Adele Mundy was there when the brainstorm for using “facing” instead of “mark” came up, although I forget who exactly suggested that. Feil and I (with others) gave it a trial run, and it works very well, without any ambiguity. I’ve since updated my jump drive training documents to prefer that. I left in “mark” as some crews are using that.
Terminology in a jump ship crew is crucial. While most jumps can tolerate some delay and shuffling on the crew’s part, there is no time whatsoever to spare when the ship starts to take damage. If the ship loses its jump drive, there’ll be mere seconds to get to the lifepods. If it doesn’t have enough energy to jump, its equally dead.
The “words” used have to be absolutely consistent, unique to the task, explicitly ordered, and fanatically drilled. The “jump” process has to move from conscious thought to automatic, unerring, lightning speed response. Even if the only time that degree of crew skill is needed is when the ship starts to take damage and is being overwhelmed.
The words have to bypass any need for translation/comprehension, because while that translation is fast, it’s still a fraction of a second of additional time. For example, “mark 2-4-5” (context has to be translated – “mark” has been used in other ways – “jump on my mark”). “heading” or “direction” or “bearing” (did science mean heading or bearing? these terms in a warp ship are the same thing and people have been using them interchangeably for so long that helm will have to decipher it, and the potential for science-error is high).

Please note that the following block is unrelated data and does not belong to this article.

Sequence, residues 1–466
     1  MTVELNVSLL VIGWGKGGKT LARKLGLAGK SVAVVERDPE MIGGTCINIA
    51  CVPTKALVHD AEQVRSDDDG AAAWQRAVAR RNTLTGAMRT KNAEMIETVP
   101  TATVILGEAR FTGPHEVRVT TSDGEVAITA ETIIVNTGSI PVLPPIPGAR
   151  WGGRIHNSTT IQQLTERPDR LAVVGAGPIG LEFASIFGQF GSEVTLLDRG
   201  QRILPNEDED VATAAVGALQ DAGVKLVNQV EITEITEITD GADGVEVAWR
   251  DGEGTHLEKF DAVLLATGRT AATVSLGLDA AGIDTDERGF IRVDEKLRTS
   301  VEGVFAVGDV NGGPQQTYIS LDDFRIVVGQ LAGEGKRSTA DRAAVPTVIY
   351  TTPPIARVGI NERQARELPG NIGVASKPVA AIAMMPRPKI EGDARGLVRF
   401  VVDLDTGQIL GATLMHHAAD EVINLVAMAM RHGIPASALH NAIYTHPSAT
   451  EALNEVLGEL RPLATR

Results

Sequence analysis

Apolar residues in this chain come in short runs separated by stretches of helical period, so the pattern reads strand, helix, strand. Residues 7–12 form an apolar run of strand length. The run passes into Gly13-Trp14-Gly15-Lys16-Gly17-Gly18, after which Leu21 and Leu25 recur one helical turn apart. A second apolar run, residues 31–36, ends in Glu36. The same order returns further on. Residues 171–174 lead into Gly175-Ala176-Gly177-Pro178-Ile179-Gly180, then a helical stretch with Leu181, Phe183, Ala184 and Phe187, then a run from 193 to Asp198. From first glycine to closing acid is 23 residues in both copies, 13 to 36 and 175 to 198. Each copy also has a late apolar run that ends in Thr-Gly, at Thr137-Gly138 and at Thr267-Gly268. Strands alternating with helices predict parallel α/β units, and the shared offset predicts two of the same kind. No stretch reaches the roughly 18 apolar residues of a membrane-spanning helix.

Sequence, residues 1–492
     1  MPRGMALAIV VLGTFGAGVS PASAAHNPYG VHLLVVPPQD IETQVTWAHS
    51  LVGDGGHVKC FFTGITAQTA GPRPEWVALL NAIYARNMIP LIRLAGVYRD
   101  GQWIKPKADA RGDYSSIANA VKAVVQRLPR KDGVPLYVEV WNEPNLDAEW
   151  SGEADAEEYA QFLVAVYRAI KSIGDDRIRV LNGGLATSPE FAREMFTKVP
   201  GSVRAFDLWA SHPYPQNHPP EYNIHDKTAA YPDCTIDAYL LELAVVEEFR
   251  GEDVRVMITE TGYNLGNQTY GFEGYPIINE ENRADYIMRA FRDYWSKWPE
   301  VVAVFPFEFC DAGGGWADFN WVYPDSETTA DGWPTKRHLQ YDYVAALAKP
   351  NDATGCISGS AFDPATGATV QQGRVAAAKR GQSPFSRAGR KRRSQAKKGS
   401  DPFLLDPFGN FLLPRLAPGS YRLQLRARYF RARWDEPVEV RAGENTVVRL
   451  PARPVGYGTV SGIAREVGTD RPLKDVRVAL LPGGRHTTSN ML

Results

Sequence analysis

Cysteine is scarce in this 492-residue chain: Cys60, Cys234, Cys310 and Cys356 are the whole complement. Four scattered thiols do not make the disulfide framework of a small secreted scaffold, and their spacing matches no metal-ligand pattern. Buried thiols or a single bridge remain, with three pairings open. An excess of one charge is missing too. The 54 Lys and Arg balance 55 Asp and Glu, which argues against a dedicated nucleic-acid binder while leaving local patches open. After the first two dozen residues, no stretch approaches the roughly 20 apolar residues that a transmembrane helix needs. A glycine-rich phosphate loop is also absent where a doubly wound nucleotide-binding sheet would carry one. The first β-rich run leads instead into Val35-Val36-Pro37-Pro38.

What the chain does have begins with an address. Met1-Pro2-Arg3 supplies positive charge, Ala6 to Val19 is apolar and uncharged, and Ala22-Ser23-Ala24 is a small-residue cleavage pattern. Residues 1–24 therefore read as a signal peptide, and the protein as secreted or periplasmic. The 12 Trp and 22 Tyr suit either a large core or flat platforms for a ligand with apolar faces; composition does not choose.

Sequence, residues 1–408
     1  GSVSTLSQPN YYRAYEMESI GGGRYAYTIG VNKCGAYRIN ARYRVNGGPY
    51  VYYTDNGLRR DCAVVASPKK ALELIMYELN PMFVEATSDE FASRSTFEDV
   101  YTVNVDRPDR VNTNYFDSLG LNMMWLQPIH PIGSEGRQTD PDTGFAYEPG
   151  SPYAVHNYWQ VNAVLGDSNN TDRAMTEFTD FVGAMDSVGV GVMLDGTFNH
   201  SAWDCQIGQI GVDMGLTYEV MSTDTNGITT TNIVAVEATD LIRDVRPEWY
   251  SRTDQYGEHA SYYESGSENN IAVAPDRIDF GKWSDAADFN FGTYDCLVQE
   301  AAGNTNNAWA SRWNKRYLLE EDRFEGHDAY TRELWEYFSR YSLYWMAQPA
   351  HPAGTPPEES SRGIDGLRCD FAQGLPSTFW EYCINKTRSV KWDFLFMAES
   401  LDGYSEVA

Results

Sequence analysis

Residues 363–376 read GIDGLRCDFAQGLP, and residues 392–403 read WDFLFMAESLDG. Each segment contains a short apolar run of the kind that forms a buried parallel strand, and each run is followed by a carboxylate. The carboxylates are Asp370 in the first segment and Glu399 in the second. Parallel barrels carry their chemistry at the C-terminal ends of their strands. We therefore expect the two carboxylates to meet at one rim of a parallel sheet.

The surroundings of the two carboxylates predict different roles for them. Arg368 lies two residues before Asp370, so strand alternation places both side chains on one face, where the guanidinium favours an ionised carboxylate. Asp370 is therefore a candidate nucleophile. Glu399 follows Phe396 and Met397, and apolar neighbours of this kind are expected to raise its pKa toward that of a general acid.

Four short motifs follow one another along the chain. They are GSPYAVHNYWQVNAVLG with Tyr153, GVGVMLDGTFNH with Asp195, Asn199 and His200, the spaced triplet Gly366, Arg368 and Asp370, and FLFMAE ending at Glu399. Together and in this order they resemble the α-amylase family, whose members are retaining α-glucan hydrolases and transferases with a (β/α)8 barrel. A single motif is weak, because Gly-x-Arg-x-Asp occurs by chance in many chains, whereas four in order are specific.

The words have to be clearly distinguishable and cut through other cross-chatter. A jump ship should be noisy, and not just when its crew is partying with several cases of rum. Everyone should be calling out what they are doing and when they are done, so the engineer can appropriately issue and cut power. Every tick of energy should be hoarded for that sudden emergency jump. If the syllables for the jump can be confused with other less critical functions, there’s a chance the automatic-response will be delayed with “did I just hear jump hot or beams hot; can everyone shut up a moment so I can hear?”
As I said in the “mark” vs. “facing” debate, I don’t particularly care what terms are used (well, outside of the above litany of “absolutely consistent, unique to the task, explicitly ordered, and fanatically drilled”). Each captain and crew will find out what works best for their ship and crew; no amount of my desire for interchangeable, trained jump-drive crewmen will ever change that.